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Shadowland Emerges...

 I created a group of characters one Sunday in church. 9.7.03 to be exact. What happened after that became a fourteen year journey to finally release the characters from their entombment in a body of words I created, yet left captive unintentionally. I created so many characters that I eventually had to come up with a reason for their existence; thus, creating Shadowland, a Mayberry-type town with all the charm of Halloween-Town. With such wholesome characters as Miss Willie and Flo to some not-so- trustworthy ones such as Dr. Simon. 

Although Shadowland has been a continuing story, for now, I have decided to sell off the entire remaining inventory and merchandise with the publication of the book. All originals and prints will be sold at a special price. There will be a final run of the original "Greta" t-shirt available at the book signing/release party. Several other t-shirts have been planned for the future release of the "Epilogue" but the "Greta" shirt will be retired permanently and will not reprinted. So join the many people who have signed on to the Shadowland cult and pre-order yours before it's too late!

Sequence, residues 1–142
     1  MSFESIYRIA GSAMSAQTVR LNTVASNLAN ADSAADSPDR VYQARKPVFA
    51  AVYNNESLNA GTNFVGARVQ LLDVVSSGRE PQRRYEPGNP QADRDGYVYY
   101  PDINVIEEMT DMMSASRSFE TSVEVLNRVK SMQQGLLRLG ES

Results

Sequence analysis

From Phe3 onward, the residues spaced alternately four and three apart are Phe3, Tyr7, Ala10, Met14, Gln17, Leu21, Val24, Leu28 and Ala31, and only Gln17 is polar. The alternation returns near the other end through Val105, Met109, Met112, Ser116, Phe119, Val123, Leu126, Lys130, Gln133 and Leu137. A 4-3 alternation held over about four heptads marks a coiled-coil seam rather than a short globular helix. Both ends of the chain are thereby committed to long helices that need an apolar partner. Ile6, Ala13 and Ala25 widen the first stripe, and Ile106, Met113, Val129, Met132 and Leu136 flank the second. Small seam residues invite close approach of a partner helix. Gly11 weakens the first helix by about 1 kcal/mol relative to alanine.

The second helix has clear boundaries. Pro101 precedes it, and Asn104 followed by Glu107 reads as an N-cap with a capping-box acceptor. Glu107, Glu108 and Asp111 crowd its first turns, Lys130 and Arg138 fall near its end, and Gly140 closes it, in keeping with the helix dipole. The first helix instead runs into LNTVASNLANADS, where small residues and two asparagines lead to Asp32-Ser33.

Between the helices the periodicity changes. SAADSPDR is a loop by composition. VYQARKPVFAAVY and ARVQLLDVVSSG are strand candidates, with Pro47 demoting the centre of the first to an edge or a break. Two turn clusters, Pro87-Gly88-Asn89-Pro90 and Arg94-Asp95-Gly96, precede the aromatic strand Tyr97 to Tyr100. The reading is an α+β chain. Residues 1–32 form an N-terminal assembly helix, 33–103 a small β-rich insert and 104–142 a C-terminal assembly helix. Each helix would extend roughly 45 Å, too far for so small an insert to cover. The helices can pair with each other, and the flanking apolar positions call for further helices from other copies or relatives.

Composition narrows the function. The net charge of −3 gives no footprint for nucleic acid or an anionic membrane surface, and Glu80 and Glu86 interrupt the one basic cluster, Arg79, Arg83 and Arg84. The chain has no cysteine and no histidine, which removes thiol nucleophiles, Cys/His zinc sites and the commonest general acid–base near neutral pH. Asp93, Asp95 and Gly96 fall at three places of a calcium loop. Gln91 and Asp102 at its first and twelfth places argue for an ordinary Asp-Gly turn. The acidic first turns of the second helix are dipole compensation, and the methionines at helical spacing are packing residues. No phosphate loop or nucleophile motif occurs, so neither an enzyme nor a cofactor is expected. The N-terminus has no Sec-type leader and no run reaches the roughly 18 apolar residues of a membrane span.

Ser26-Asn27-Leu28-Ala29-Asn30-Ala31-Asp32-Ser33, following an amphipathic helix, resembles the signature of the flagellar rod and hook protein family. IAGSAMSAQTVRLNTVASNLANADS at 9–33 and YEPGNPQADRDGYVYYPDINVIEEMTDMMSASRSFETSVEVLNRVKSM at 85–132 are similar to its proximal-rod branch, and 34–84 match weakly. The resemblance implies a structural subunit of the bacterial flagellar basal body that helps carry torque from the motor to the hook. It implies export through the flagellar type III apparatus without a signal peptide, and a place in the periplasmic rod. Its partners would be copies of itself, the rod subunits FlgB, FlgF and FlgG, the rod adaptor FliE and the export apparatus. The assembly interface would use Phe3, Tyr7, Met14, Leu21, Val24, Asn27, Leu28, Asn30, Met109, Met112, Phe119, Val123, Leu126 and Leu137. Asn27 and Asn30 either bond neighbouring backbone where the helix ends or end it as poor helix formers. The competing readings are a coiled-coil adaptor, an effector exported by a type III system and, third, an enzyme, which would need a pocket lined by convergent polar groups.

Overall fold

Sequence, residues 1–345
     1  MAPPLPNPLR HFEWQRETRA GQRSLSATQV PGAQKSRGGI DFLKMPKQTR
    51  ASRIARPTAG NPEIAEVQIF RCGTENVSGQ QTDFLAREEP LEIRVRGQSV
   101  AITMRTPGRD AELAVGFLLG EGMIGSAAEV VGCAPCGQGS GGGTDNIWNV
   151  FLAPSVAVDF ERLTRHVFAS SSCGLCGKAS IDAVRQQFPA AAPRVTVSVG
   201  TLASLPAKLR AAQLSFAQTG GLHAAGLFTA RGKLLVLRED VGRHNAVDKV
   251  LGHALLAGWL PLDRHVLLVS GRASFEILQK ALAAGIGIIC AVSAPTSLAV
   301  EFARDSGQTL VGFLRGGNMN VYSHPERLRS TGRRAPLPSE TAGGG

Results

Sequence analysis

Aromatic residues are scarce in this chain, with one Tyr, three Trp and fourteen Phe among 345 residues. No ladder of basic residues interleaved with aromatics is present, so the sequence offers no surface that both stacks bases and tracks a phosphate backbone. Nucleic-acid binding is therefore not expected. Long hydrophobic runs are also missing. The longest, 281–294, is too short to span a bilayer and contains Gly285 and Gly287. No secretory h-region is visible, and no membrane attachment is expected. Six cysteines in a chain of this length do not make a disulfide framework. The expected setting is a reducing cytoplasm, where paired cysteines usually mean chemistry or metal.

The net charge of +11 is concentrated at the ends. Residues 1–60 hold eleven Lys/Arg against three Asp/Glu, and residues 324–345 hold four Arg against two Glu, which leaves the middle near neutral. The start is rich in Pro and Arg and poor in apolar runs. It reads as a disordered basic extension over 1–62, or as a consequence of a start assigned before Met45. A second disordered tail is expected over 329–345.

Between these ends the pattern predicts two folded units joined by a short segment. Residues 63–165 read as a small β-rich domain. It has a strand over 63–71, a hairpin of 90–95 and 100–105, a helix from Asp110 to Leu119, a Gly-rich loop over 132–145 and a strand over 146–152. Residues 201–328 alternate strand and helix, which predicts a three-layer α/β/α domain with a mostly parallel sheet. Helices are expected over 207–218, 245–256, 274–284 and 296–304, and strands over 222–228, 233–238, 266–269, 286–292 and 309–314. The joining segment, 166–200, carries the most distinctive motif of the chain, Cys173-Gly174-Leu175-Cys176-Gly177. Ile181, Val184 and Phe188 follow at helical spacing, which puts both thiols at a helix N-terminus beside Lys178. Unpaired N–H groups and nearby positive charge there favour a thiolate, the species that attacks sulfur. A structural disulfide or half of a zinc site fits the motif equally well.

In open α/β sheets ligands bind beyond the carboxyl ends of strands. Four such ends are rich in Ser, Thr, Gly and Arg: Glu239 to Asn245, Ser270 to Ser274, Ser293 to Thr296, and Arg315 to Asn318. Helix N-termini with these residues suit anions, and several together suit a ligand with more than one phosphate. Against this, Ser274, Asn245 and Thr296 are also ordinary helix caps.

Finally, the Shadowland story will be told! I apologize to all the fans who waited so long to find out about their favorite character but hope it was worth the wait. I am currently waiting on a physical proof. Once received, I will have several scholars read and make any final edits. Then, it's just a matter of logistics. 

Keep up in real time on our Facebook page. 

 

 

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The Upstate Book Project 2.0